we assume that the additional services, i.e. billing services supply and transmis-.sion , reporting services, etc., are constants. Thus, they are added into the fixed
charge of the tariff. In our analysis, the price of the supply service is derived fromthe customers hourly electricity consumption and the hourly energy price processes.The price process is observed from the electricity exchange places. Both, the priceand customers consumption processes are stochastic processes by their nature. For
.a different analysis of consumption processes see, e.g. Brown and Johnson 1969 , . .Chao 1983 and Rasanen et al. 1995 .
The measurement of customers consumption is one of the main issues in thecompetitive markets, since each supplier must have a balance between his salesand supply contracts. In each of the countries having free markets, the regulateddistribution companies are responsible for the customers energy measurements. InScandinavia, the energy measurement interval is 1 h. In UK and New Zealand, thetime span is 30 min. It would be simple for free competition, if all customers in themarket had measurement devices that collected these hourly or half-hourly energymeasurements. Unfortunately, the energy measurement devices are quite expen-sive. For example, in Finland the annual hourly measurement cost per customerwas approximately US$500 at the end of 1996. If a customer had 10% lower bills inthe free market than with his local supplier, his annual electricity bill should be atleast US$5000 to make it profitable for her to enter into the competitive markets.This is beyond the electricity bill of an average household without electricity space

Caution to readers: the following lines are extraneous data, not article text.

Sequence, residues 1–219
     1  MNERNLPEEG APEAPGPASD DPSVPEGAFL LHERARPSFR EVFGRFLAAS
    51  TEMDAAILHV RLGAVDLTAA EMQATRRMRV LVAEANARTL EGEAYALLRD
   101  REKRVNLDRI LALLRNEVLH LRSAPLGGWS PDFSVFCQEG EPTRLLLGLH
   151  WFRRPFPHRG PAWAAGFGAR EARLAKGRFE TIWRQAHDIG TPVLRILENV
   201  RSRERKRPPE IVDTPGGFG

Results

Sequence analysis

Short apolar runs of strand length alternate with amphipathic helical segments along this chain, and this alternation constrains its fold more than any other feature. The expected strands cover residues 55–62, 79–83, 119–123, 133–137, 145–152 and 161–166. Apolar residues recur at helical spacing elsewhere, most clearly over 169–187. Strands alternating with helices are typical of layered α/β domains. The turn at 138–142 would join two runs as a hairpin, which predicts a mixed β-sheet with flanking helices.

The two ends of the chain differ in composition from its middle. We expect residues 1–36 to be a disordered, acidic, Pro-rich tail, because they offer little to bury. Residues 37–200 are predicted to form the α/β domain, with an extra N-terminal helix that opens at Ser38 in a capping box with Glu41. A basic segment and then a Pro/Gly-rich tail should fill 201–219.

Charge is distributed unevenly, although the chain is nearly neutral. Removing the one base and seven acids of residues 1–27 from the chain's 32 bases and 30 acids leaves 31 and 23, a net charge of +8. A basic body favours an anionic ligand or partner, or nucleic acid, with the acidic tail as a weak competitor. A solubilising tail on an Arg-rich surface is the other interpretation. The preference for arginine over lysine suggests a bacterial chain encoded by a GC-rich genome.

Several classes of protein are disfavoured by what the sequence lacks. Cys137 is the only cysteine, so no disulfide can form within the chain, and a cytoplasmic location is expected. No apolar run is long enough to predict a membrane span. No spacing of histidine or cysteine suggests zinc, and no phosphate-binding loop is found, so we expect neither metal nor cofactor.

.heating see, e.g. Rasanen et al., 1997 . To solve this measurement problem and to give all customers a possibility to benefit from the free markets, an alternative tothe hourly or half-hourly measurements has been discussed. In Norway for exam-ple, the customers with small consumption are associated to a single standard loadprofile, which is scaled according to the customers past total annual or monthlybilling measurements. For different statistical approaches for building the standard
. .load profiles see, e.g. Taylor and Lester 1975 , Bunn and Farmer 1985 , Bartels et . .al. 1992 and Rasanen et al. 1996 . The use of this standard load profile based
( )J. Keppo, M. Rasanen r Energy Economics 21 1999 213]223 215
method is also under parliamentarian discussion in Finland and in the UK.Therefore, we present a general analysis, which covers both standard load profilesand hourlyrhalf-hourly measurement. Methods to improve the standard loadprofiles are also discussed.
In our pricing model, a single customer is interested only in the amount ofmoney that she will spend in her electricity consumption. This money amount is astochastic variable that depends on the electricity price and the amount ofconsumption at each moment of time. Because different customers have differentconsumption behaviors, the dynamics of the money amounts are different. Weassume that a single customer will consume electricity in the future according to agiven stochastic consumption model and we price the energy options on thatamount of money. Most of the electricity contracts in an electricity supplierscontract portfolio are these kinds of tariff-contracts.